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With ESG increasingly in the crosshairs of Republican politicians—be it over the strategy’s efforts to address climate change or the lack of diversity in C-suites—one beneficiary of sustainable investing that the attacks seem to have overlooked is the American worker.

The “S” in ESG includes worker issues ranging from compensation to health and safety. While global warming often takes center stage when it comes to environmental, social and governance investing, the majority of Americans say paying workers a fair, living wage should be the top focus of the biggest US companies, according to a recent survey by JUST Capital, a nonprofit research group.Job creation, worker health, safety and training ranked among the top six priorities out of 20 stakeholder issues. Addressing human rights in supply chains was ninth, while combating global warming ranked 13th in the annual survey.

“The divisiveness of political messages, both on the left and right, is out of touch with what Americans really want,” said Martin Whittaker, chief executive of JUST Capital. “Workers are an issue where people across political divides are united.”

Republican governors including Florida’s Ron DeSantis have targeted ESG, describing the investing approach as “ideological.” More than a dozen Democratic-controlled states have hit back, saying it’s the ESG attacks that are politically motivated, adding that the GOP campaign will ultimately end up costing taxpayers.

“The blacklisting states apparently believe, despite ample evidence and scientific consensus to the contrary, that poor working conditions, unfair compensation, discrimination and harassment, and even poor governance practices don’t represent material threats to the companies in which they invest,” according to the nonprofit For the Long Term, which works with state treasurers and comptrollers.

There are signs investment firms are taking notice of worker issues, too:

  • In June, KKR & Co., one of the world’s largest private equity investors, sold a garage-door manufacturer. As part of the deal, roughly 800 employees received an average cash payout of $175,000.
  • Trillium Asset Management and New York City pension funds started pressing Starbucks Corp. and Apple Inc. last month to allow for an independent review of the companies’ labor practices.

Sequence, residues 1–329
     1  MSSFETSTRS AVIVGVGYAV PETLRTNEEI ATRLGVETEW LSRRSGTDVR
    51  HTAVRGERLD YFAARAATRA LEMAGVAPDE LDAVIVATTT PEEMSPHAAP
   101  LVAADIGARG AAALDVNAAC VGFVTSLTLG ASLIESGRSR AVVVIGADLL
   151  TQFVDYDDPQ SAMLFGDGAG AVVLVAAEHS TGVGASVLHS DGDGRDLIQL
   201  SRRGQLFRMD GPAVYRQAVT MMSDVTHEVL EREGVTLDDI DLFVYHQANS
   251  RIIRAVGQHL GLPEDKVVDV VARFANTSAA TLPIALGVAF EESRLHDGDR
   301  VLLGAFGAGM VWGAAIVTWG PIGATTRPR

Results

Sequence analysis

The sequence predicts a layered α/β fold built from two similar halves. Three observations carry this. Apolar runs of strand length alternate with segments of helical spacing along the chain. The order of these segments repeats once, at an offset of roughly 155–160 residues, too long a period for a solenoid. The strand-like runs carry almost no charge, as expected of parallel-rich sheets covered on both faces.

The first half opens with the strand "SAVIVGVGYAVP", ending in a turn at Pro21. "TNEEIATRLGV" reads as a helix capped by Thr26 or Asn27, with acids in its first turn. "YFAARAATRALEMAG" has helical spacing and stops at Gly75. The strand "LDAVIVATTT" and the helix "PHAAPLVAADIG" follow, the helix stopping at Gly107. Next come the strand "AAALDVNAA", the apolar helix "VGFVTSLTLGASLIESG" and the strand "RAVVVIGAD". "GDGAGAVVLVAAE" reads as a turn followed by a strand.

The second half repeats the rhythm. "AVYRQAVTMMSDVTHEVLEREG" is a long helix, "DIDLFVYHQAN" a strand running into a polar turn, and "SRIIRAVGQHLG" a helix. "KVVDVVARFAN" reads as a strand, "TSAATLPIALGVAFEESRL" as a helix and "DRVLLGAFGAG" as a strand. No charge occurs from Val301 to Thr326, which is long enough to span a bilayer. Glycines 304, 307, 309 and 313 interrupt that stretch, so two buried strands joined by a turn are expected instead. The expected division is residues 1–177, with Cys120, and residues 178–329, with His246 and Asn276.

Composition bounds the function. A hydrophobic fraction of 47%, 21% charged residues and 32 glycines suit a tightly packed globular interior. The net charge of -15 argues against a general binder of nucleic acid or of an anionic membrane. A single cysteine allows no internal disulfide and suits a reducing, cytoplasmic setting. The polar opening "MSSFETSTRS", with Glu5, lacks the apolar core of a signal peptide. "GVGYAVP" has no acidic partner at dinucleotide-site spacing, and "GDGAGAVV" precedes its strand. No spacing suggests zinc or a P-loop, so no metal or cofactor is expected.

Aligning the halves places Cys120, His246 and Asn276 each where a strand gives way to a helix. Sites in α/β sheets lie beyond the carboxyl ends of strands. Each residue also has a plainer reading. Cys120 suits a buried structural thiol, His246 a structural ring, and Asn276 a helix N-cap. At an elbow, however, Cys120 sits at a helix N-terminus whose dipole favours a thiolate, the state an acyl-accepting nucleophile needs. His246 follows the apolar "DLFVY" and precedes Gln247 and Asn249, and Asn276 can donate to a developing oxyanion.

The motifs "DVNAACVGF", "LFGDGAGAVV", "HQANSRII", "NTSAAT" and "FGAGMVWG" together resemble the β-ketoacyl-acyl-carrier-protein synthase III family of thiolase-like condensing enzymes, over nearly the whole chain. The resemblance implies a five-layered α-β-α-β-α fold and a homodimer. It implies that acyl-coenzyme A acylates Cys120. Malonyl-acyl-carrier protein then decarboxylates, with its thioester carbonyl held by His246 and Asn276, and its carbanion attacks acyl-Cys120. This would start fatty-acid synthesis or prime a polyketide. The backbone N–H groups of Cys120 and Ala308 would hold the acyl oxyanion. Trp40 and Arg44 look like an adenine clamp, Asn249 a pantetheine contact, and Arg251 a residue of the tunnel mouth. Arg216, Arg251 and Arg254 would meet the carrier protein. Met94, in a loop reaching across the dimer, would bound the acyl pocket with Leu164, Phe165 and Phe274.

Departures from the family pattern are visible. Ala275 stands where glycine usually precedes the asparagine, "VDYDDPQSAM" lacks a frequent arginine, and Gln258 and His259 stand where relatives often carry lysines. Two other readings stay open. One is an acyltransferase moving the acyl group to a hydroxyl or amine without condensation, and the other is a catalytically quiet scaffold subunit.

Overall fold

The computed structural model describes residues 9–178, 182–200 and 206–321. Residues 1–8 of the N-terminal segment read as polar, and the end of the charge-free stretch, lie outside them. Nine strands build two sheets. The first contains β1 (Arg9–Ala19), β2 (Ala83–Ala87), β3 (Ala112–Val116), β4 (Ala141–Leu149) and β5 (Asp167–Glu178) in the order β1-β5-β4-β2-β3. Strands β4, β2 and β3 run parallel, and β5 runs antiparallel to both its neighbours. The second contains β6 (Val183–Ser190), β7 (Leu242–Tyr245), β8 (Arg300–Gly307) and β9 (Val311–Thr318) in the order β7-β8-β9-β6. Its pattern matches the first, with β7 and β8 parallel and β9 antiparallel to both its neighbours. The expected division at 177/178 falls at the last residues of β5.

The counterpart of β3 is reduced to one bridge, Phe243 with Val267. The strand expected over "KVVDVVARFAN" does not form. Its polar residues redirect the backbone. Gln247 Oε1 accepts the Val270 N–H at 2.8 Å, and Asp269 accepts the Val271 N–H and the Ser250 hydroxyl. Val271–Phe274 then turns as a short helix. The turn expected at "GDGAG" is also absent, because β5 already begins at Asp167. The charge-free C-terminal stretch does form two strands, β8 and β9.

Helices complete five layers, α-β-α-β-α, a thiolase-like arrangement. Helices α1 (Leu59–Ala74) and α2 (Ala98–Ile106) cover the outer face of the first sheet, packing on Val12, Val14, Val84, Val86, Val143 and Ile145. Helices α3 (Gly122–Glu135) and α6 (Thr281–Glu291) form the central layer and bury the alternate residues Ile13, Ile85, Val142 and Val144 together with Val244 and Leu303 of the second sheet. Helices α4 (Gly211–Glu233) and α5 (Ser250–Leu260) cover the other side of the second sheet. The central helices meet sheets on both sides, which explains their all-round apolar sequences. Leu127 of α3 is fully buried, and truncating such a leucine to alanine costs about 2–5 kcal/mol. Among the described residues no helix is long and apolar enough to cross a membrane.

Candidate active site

• Two Sigma, a quantitative hedge fund, has invested in companies like Penn Foster Inc., which provide workers with computer skills and other specialized training.
  • Calvert Research and Management, one of the oldest socially responsible investors, said it has pressured utilities such as Xcel Energy Inc. to accommodate workers who may be adversely impacted by the shift to cleaner fuels.

“Workers affected by decarbonization will need to be retained, retrained, redeployed and/or compensated,” Kimberly Stokes, Calvert’s corporate engagement strategist, said in an April blog post. If societal impacts and the shift to cleaner fuels are instead pitted against each other, it will be difficult to reduce emissions, she said.

Lazard Asset Management said it has worked with a team at the Massachusetts Institute of Technology to create a “Living Wage Calculator” to examine wage issues at a discount retailer. Assessing worker-related issues is relevant to the long-term financial productivity of businesses, said Nikita Singhal, co-head of sustainable investment and ESG at Lazard. 

“This is not about virtue signaling or a political view, but rather an investment hypothesis that businesses that have sound human capital management practices, especially in human capital intensive industries, will outperform their peers all else equal,” she said.

The plight of American workers has become all the more poignant amid surging energy costs, inflation and the possibility of terminations as a potential recession looms. Since Donald Trump won the 2016 presidential election with votes from blue-collar workers, Republicans attacking ESG may wish to take these issues into consideration. JUST Capital’s Whittaker says there’s more to be done. While ESG investors have sought to address workforce issues—especially during the early stages of the pandemic—he advises they should put greater emphasis on that part of their strategy.

“They need to up their game,” he said.

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